|Directed by||Denny Lawrence|
|Produced by||David Elfick|
|Written by||Paul Leadon|
|Starring||Martin Sacks |
|Music by||Cameron Allan|
|Edited by||Ted Otton|
Palm Beach Picture
|Budget||AU $1.5 million|
|Box office||AU $34,000 (Australia)|
Emoh Ruo is a 1985 Australian comedy film about a young couple finally move from a caravan into their first dream home only to find they have bought a real turkey.
Des (Martin Sacks) and Terri Tunkley (Joy Smithers) are a young, happily married but struggling couple about to take the big plunge and buy into the Great Australian Dream. Falling under the spell of a television advertisement extolling the joys of home ownership, Terri cajoles Des into making their first big financial commitment.
At first, Des is none too enthusiastic about leaving their carefree, downwardly mobile lifestyle in a caravan park by the sea, and neither is their young son, Jack (Jack Ellis). The good life is for Des is embodied in his beloved, as-yet-as-to-be-restored motorboat. Here then lies a basis for conflict between Terri's desire for the domestic comforts of a 'real' home, and Des' dream of sailing away to the West Indies.
Undeterred by her husband's initial reluctance, Terri calls on Austral Finance for a housing loan. Now more determined than ever to realise her dream, Terri becomes frustrated by Des' lack of interest. When things finally come to a head between them one rainy afternoon. Des relents and sells his boat to raise the loan deposit. Immediately, the family packs up and sets off her their brand new home in a far-flung housing estate on the city's fringe.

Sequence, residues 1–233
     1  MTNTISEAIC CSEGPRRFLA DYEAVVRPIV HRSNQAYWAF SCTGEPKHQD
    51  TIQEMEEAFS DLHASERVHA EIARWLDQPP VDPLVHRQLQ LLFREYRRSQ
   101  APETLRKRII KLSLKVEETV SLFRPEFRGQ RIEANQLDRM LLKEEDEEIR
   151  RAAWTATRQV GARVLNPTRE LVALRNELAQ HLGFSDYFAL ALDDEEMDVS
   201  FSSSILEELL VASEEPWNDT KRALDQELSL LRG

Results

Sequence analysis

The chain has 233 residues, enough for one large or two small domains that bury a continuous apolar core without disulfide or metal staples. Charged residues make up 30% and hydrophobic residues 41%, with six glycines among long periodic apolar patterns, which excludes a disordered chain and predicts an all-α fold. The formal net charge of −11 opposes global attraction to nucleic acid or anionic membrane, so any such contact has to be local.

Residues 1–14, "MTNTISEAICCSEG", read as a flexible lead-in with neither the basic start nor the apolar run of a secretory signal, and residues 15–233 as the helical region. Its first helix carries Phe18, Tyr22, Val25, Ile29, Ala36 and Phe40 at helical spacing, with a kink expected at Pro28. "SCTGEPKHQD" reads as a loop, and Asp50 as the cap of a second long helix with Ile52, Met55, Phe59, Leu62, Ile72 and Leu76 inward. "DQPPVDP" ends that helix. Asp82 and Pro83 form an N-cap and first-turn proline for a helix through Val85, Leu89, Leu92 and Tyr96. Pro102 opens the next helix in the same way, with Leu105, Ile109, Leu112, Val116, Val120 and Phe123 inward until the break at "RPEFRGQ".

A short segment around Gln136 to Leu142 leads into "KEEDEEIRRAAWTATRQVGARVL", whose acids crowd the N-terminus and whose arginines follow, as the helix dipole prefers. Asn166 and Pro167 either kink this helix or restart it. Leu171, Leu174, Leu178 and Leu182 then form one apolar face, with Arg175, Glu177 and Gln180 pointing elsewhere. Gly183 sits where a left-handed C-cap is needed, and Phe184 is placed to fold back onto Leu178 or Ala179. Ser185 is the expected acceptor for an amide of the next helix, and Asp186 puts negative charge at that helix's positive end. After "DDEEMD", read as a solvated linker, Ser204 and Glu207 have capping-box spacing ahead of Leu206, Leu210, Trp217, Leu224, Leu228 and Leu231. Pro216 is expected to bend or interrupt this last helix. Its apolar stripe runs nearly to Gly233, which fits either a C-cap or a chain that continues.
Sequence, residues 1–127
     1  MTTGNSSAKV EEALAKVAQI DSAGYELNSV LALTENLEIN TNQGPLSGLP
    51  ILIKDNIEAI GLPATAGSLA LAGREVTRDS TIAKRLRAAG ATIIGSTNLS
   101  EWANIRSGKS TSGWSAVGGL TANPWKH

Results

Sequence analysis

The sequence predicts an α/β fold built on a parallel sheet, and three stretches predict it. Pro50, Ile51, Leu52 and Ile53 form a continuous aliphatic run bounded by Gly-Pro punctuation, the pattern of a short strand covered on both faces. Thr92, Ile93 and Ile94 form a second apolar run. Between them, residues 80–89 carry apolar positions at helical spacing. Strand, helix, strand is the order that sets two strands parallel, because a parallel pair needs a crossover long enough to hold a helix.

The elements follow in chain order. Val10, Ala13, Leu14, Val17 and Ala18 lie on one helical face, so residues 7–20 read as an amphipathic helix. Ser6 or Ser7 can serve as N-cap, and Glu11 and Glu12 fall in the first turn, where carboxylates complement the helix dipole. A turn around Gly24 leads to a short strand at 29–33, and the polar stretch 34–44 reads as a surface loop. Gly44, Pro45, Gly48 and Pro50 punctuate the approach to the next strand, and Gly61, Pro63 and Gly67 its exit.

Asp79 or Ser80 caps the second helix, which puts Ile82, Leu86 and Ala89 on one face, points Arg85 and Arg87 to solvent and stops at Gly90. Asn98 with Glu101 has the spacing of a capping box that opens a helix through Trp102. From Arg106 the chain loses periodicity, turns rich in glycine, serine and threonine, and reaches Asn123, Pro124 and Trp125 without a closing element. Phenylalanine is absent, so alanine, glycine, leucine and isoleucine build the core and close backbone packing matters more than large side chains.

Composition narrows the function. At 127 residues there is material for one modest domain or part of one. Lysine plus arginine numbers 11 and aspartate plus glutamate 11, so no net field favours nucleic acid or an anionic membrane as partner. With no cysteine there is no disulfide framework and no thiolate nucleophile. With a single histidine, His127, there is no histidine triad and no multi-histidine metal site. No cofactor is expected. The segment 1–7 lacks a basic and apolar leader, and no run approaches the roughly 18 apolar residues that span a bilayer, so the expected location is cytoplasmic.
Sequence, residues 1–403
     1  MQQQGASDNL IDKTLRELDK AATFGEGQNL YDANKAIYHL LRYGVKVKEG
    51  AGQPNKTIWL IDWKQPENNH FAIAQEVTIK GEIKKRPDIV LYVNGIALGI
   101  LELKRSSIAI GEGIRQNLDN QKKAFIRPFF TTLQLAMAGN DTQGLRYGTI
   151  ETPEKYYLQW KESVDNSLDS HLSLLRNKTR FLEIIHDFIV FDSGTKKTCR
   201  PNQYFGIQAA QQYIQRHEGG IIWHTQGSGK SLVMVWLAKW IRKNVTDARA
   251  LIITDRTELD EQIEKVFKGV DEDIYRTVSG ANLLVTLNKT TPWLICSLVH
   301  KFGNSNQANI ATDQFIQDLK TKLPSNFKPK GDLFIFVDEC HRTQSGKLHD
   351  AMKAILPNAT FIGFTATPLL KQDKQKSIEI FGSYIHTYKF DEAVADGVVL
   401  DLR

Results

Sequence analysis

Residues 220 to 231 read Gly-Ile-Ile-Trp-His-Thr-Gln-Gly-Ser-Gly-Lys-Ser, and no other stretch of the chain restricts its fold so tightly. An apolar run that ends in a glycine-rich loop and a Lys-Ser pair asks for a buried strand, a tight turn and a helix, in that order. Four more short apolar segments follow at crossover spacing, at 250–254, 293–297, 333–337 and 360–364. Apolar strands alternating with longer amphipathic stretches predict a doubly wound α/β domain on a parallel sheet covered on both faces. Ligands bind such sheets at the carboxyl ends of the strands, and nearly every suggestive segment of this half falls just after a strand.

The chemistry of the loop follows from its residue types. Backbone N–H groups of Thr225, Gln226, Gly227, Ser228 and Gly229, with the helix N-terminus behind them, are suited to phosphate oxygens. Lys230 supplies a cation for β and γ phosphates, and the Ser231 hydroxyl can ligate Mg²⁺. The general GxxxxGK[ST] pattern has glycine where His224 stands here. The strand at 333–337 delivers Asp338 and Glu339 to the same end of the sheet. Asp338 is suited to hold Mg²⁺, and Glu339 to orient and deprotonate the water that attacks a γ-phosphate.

Not long after they settle into their new life, things begin to go awry: not only are their only neighbours dreadful nerds, but Des and Terri are also forced to work interminable hours to meet the repayments. Worse still, their 'dream' home turns out to be a complete lemon.
These unforeseen difficulties begin to take their toll and, when Des loses his license and they are served with an eviction notice, their happy marriage is threatened. But just as things appear to hit rock bottom, Des, goaded on by his wife's accusation that he never completes anything he starts, labours day and night on a backyard barbecue to prove her wrong.
When friends and finally drop over and marvel at Des's masterpiece, Sam Tregado (Max Phipps), the shonky developer who sold the Tunkleys their jerry-built house, arrives unannounced with some prospective buyers and receives a less-than-welcome reception from a now-overwrough Terri.
The young couple eventually settle their differences and agree to quit the suburban life, just in time to see their house collapse into a pile of rubble. Soon afterwards, Des goes on to become a successful entrepreneur of custom-built barbecues, and in the Tunkley family sets off with their new caravan in tow on the endless holiday.
- Martin Sacks as Des Tunkley
- Joy Smithers as Terri Tunkley
- Jack Ellis as Jack Tunkley
- Philip Quast as Les Tunkley
- Louise Le May as Helen Tunkley
- Joanna Burgess & Natalie Burgess as Tunkley Twins
- Genevieve Mooy as Margaret York
- Max Phipps as Sam Tregado
- Bill Young as Wally Wombat
- Helen McDonald as Pat Harrison
- David Stratton, The Avocado Plantation: Boom and Bust in the Australian Film Industry, Pan MacMillan, 1990 p311-312
- "Australian Films at the Australian Box Office", Film Victoria accessed 24 October 2012